In all seriousness, the lack of common courtesy by most people to go to the bank and quickly cash personal checks is one of the most aggravating things on the planet. The issue is only exacerbated when a person asks you to pay them right away or sets a deadline and then that person sits on your check for weeks. Granted, if you keep up your balance book or can constantly deduct the amount from your checking account when you log in to check your balance (as I do), you’re okay. It doesn’t take away the aggravation, though.

If you have money to burn, you don’t worry about this at all. You’re one of those people we hand-to-mouth people detest because you’ll say things like, “Oh I never even noticed that my check hadn’t cashed!” Shutup.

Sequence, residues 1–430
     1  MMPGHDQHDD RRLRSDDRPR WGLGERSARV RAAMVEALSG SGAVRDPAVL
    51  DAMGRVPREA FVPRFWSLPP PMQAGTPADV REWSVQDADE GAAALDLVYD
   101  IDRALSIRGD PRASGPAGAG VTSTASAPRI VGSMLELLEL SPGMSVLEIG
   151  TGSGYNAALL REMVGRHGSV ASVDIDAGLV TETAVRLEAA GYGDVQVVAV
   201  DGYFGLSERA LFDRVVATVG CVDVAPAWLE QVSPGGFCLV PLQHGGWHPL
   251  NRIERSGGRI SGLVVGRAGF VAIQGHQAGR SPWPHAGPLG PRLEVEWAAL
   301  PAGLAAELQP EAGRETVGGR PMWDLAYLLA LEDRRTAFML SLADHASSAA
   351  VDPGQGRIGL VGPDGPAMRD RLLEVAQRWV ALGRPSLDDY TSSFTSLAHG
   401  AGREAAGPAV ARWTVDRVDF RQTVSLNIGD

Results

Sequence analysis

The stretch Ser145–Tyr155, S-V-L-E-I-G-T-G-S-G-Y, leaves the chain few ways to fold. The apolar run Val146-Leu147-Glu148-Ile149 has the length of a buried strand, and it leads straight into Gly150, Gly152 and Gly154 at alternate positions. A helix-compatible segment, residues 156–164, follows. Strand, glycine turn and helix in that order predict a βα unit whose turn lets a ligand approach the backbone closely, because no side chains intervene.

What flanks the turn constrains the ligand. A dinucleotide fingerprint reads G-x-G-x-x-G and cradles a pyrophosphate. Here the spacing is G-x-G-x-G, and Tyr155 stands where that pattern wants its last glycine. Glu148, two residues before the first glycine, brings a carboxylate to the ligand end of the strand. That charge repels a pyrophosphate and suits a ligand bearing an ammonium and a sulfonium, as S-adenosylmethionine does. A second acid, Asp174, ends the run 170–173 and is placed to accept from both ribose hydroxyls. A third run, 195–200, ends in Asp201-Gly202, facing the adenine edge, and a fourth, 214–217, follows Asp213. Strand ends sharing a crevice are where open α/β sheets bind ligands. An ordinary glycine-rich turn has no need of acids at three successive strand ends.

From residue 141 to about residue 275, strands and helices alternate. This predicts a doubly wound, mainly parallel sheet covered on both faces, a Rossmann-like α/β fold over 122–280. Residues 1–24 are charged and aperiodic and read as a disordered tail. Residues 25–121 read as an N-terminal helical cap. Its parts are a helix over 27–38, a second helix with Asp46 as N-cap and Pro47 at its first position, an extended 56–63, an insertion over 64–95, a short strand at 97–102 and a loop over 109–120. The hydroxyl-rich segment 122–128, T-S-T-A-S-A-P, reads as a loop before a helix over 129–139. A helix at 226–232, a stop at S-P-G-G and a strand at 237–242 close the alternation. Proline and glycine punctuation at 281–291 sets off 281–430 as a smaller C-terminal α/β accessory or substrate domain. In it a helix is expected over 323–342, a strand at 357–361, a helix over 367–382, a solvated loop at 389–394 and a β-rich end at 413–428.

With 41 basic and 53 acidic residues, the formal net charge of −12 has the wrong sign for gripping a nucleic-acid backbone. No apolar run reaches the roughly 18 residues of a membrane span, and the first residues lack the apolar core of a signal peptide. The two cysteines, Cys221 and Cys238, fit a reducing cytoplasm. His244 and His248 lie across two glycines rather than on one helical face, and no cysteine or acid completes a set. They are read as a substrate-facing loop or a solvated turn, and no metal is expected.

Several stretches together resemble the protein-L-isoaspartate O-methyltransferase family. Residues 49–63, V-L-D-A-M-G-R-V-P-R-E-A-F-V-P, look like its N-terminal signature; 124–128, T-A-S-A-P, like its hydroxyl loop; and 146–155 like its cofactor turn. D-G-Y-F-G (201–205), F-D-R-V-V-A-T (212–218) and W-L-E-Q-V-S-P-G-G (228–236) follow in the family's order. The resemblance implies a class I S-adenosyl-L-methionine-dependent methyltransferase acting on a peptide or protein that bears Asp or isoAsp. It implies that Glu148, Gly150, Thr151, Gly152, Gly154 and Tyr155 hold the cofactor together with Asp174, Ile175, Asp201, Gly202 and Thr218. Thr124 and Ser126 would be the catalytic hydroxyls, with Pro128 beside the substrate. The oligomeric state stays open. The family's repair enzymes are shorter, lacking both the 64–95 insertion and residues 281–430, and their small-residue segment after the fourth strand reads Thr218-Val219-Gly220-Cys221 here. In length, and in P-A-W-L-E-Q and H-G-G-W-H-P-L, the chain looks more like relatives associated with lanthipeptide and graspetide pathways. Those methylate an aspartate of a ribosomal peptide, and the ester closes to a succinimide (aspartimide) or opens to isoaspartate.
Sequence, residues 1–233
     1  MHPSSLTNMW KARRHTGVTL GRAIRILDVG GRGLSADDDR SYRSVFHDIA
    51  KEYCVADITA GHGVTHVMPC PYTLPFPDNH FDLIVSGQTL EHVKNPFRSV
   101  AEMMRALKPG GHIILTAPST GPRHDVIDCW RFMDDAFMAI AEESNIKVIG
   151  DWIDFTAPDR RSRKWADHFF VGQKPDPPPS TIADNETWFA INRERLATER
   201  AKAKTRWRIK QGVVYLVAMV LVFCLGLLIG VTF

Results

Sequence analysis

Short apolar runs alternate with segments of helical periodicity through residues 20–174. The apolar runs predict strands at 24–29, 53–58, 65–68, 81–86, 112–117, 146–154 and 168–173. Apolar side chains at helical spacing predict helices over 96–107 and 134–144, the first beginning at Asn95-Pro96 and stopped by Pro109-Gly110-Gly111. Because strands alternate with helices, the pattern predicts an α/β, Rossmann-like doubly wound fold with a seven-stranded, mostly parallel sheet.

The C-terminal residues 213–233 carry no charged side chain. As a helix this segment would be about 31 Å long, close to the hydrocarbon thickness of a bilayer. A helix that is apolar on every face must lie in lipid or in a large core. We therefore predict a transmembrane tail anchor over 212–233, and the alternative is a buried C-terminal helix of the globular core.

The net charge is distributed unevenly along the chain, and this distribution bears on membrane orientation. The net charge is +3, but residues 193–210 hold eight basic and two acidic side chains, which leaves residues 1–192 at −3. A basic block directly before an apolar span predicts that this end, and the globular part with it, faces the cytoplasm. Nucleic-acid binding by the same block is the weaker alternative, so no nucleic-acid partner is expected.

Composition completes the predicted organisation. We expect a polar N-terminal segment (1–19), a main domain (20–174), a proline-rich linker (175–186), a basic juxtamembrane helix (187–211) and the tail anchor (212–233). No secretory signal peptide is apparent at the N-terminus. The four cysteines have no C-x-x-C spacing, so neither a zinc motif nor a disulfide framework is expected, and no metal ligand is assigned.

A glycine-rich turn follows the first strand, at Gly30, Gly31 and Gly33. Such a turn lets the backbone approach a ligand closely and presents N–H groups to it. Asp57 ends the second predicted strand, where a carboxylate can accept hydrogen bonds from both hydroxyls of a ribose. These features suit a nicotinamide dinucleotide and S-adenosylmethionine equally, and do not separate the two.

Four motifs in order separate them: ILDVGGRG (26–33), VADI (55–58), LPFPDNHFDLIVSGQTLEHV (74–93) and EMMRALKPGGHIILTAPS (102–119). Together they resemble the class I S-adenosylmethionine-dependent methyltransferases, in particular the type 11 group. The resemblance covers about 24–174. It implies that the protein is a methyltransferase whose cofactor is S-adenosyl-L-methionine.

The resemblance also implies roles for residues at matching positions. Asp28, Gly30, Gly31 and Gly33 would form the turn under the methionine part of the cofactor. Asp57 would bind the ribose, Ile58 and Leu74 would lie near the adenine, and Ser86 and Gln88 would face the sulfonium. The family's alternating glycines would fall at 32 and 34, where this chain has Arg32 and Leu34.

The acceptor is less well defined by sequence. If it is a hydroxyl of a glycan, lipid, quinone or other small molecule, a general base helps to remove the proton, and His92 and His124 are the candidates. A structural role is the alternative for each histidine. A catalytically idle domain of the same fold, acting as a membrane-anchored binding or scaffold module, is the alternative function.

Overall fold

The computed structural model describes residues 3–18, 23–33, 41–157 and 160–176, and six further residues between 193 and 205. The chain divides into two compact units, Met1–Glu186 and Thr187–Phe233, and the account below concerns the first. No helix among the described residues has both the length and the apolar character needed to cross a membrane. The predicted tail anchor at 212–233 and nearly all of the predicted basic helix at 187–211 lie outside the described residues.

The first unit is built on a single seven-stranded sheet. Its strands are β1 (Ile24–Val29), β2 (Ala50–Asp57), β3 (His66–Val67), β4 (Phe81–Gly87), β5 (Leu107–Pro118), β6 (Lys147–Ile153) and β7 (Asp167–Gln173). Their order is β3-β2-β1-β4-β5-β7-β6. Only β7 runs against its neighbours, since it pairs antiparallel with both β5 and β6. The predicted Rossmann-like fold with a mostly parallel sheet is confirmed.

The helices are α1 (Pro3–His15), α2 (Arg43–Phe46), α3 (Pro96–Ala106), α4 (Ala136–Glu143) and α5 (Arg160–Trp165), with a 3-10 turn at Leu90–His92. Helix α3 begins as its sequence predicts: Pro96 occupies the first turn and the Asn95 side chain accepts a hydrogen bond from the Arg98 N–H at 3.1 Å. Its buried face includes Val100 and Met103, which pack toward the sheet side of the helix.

Someone needs to FIX THIS and figure out a way for us rent payers (mortgage payers too? I have no idea) to use PayPal or something equally instantaneous and gratifying. Lastly, do you know how long it takes me to go through a single BOX of checks? Years. I just switched to a new box that finally has my correct address on it after three years of it having an address I lived in for a mere six months. Ridiculous!

If someone has an idea on how to overhaul this annoying process, I’d love to hear it. Death to checks!

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Comments